JMU class reunions in September 2008: Cancelled due to lack of interest.

3 minute read

August 6, 2008, 8:00 AM

JMU does so many things that make me laugh, and not in the hee-hee-that’s-funny kind of way, either. Unfortunately, it’s usually in a far more mean-spirited kind of way, as I laugh at some of the DUMB things that they do. I still remember back in 2003 when JMU announced that they were fighting spam, while at the same time constantly spamming the student body after they set a far-too-flexible process for campus organizations to promote their junk.

Of course, once you graduate JMU, you lose the abovementioned spam, and start hearing from the alumni people. JMU recently sent me mail about the reunions for the classes of 2008, 2003 (me), 1998, 1993, and 1988. That’s five graduating classes right there. I know – I’m exhausted just reading all those different years. And JMU had a whole slate of events for people to do, and an overblown fee for the package (read: “Good lord, that’s expensive!”). My exact reaction was, oh, hell no, as I’ve been through the procedure with JMU’s cheesy event scheduling before, and it’s not that much different than going to Sea World, going from one show to the next to the next all day.

So I was quite amused to get this in my Email yesterday:

JMU reunions: Cancelled due to lack of interest

Note where it says, “Regrettably, the reunion events scheduled for Sept. 5-7, 2008 have been canceled due to low registration numbers.” The alumni revolted, as JMU soon realized that no one wants to go to the lame events that they programmed.

And of course, they attached a survey. This one was a bit better than most I’ve seen out of JMU. Most of JMU’s surveys consist of yes-no questions with five answer options: Strongly disagree, somewhat disagree, neutral, somewhat agree, and strongly agree. I hate those kind of five-answer surveys, since often times organizations putting those kinds of surveys out do not include a space for free-form answers, likely because they don’t really want to hear what people really think. But this one was actually good. They wanted to know why we weren’t attending. Too expensive? Logistical problems? Other plans? Bad programming? They had check boxes, as well as a place to indicate what your first, second, and third most important reasons were for not attending.

And then of course, at the end was the free-form answer (yaaaaay!). I let them have it:

This “reunion” seemed too manufactured, just like too many of JMU’s official events. The university obviously planned it, and it shows, and bundling together a number of different class years at once that all happen to land on round numbers together fails to really recognize any of them as distinct groups. It would be better to see separate reunions organized by members of the various graduating classes. That would make the reunion far more special than just simply a slate of events planned by the university, which is quite reminiscent of Parents’ Weekend, which I’m sure many have less-than-fond memories of, being dragged around the campus by their parents all weekend from one event to the next to the next. Something that looks like it was organized by the people being reunited, something more “grassroots”, would be more appealing.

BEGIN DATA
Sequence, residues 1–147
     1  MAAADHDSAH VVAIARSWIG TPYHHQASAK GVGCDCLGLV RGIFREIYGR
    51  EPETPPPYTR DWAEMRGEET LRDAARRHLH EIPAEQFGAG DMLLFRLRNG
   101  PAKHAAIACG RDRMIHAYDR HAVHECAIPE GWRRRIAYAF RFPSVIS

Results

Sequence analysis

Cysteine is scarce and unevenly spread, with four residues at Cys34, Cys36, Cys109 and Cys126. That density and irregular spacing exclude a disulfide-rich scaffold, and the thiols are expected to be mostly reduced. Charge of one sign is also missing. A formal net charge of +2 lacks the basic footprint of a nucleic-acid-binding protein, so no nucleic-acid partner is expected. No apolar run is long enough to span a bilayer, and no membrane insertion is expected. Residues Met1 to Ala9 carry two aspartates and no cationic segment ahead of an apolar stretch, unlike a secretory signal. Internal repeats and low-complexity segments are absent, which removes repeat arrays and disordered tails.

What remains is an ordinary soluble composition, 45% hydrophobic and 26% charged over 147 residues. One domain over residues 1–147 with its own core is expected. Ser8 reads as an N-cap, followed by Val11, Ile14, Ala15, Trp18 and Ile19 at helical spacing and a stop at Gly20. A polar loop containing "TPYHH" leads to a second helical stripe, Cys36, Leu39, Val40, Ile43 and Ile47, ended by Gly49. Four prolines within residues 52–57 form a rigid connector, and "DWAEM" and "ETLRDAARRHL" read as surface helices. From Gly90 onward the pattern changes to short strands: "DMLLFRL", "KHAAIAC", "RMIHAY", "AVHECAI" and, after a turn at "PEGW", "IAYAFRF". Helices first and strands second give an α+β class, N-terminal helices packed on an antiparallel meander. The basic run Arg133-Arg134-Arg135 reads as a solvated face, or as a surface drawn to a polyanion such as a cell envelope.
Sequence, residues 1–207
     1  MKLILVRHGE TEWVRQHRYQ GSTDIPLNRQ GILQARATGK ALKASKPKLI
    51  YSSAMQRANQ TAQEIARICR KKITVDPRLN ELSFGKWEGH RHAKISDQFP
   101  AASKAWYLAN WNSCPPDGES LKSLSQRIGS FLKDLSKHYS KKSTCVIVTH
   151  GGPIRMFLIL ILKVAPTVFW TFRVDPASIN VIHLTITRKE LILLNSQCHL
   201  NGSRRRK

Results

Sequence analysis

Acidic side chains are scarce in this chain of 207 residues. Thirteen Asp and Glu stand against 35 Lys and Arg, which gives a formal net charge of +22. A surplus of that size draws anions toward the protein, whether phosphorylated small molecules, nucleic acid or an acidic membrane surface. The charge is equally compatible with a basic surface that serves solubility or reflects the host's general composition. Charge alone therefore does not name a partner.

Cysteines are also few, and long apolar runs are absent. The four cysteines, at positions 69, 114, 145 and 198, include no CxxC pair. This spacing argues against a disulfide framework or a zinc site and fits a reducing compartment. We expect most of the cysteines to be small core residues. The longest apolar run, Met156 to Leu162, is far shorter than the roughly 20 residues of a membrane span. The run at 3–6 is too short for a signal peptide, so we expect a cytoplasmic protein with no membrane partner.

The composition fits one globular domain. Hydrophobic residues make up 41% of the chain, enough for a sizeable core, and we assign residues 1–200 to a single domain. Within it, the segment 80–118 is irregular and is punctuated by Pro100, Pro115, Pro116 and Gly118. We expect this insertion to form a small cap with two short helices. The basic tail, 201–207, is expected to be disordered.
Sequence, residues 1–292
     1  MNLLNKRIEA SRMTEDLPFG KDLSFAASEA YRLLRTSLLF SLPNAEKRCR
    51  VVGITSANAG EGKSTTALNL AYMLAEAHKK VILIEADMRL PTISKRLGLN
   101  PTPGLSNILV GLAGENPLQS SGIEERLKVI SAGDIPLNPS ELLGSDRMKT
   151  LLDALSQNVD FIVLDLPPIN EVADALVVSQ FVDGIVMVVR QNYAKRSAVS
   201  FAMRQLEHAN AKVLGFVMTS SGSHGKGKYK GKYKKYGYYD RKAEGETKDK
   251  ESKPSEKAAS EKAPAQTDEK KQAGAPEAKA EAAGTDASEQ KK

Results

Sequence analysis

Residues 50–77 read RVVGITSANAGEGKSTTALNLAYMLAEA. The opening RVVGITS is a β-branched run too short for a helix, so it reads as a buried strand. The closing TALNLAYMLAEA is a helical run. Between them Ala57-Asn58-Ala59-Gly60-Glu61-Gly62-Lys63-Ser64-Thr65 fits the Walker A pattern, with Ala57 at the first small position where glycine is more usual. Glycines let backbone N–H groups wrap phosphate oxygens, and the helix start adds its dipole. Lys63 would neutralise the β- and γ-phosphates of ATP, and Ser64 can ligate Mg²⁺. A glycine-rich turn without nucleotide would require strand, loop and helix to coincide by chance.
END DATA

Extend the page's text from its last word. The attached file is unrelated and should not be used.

Yeah, if I’m going to be going to a class reunion, I want it to be a meaningful experience. I don’t want to be intermingled with four other graduating classes where, by virtue of all the classes being reunited being five years apart, no two graduating classes spent any time on campus together. Each class had been gone for a year before the next one started up as freshmen. If JMU wants to bundle class reunions in groups of five, then they should consider inviting, say, classes of 2001, 2002, 2003, 2004, and 2005 together, since except for 2001 and 2005, all of these groups were on campus at the same time, and interacted together. That would be far more meaningful than five graduating classes that spent no time together at all.

And then of course there’s the idea of the university planning stuff vs. the alumni themselves planning it. I’d be more apt to go to a reunion planned by class-of-2003 students than the university if the stuff going on was going to be meaningful. Actually, I’d be quite satisfied with having a class reunion on one night at a local Harrisonburg bar that served inexpensive drinks, or even at a ballroom at JMU, so long as the bar had cheap drinks.

So that brings us to the final question: Will JMU “get it”? I don’t know…

Categories: JMU